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Comment: Testing the fabric of Jack Wills

Kirsty McGregor

With improved sales and a returned CEO, Jack Wills is positioning itself to overcome earlier difficulties

When Jack Wills founder and majority shareholder Pete Williams returned as chief executive last August, it appeared to mark a turning point for the business – but this week’s trading update shows there is still work to do.

Sales at Jack Wills were up 4.1% in the year to 31 January, but gross margin and EBITDA are still suffering from an attempt to outsource its warehouse operations in 2014, which proved disastrous. Orders were not being fulfilled on time that Christmas, and trading suffered as a result. It took a while, but the firm has now taken distribution back in house.

However, the warehouse problems were not the only challenges Jack Wills faced. Even before 2014, profits were being swallowed up by its rapid expansion, and in early 2015, Drapers learned of a number of departures from the business amid concerns about its direction.

Yet yesterday’s trading update was upbeat. There has been ‘‘swift and significant improvement’’ since Williams’ return as CEO, the company said. And it announced that BlueGem Capital Partners, the private equity owner of London department store Liberty, has partnered with Williams to acquire the business.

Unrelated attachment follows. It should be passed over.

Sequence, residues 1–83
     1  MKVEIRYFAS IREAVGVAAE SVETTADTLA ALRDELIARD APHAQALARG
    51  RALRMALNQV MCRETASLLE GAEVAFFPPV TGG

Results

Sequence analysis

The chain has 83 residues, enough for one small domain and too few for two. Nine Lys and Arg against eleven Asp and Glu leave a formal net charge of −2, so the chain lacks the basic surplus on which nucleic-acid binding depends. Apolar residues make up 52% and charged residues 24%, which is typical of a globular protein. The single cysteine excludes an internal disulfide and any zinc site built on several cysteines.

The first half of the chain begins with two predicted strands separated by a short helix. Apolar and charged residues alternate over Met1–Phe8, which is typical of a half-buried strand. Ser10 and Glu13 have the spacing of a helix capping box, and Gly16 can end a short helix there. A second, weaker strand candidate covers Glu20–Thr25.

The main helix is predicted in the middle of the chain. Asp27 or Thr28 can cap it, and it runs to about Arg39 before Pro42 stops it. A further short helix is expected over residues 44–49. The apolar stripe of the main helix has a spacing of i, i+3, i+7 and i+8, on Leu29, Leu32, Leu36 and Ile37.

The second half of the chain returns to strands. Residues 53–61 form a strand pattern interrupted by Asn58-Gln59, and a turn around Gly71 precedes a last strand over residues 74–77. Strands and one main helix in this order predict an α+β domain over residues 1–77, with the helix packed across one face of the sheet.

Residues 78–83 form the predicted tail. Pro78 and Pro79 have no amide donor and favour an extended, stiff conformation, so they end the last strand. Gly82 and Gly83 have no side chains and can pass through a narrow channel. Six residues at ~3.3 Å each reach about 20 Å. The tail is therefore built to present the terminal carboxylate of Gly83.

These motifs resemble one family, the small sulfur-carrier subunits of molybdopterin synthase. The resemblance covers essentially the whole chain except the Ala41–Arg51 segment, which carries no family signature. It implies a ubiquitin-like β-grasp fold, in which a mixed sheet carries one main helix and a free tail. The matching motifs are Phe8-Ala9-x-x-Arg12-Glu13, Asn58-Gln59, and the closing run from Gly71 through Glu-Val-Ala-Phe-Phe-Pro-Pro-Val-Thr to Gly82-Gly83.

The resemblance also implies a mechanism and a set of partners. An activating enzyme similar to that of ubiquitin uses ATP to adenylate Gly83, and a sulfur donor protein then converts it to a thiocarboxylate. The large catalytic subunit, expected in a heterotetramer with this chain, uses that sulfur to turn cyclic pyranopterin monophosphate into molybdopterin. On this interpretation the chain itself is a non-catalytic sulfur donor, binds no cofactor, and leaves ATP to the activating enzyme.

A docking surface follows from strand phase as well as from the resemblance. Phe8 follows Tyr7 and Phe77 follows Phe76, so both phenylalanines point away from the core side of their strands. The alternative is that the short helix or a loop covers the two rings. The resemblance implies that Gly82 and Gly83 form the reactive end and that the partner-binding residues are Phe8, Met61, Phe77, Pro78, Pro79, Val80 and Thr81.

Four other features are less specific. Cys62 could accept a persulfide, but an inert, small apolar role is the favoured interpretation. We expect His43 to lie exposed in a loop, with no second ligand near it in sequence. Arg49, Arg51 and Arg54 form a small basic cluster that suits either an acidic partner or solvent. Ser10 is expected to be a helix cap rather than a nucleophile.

BlueGem’s investment signals confidence in the brand – and in Williams. There may be growing competition in the young fashion sector, particularly online, but Jack Wills benefits from a clear brand identity and excellent penetration within its target market in the UK – namely, university students and those who prefer a preppy look. It also has room to further exploit its British heritage internationally. 

When he took the helm again last year, Williams set about refocusing the business, paying particular attention to product, digital investment and the fresh opportunities for (hopefully more considered) international expansion. The BlueGem deal will inject the brand with cash to support this. 

Interestingly, Williams has also introduced an initiative called The Fabric of Jack, which aims to increase transparency in the retailer’s supply chain. This is a smart move. Consumers and the media used to be distanced from what goes on in the supply chain but, with the proliferation of mobile and social media, and high-profile disasters such as the Rana Plaza collapse, awareness has grown.

In addition, the Modern Slavery Act 2015 came into effect on 1 October. This requires businesses with an annual turnover of £36m or more to prepare and publish a statement of the steps they have taken during each financial year to ensure slavery and human trafficking are not taking place anywhere in their supply chains.

As Jack Wills expands internationally, it will open itself up to more and more diverse legal jurisdictions, business practices and cultures. Greater transparency will help it to manage the risks.

There is more to do to improve Jack Wills’ profitability, but Williams is the man to do it – and with the support of BlueGem, I suspect we will see a different set of results next year.

Related reading

Interview: Jack Wills founder and chief executive Peter Williams

Readers' comments (2)

  • It wasn't outsourcing the warehouse that brought the problems. It was Jack Wills shocking lack of processes and interfering, ignorant and arrogant management.
    They now need to keep people for longer than a few weeks and months.
    Not on anyone's list to go to currently.

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  • The biggest problem for Jack Wills is that it's becoming a Dad's brand. Once that happens it's original target customer will stop buying it.

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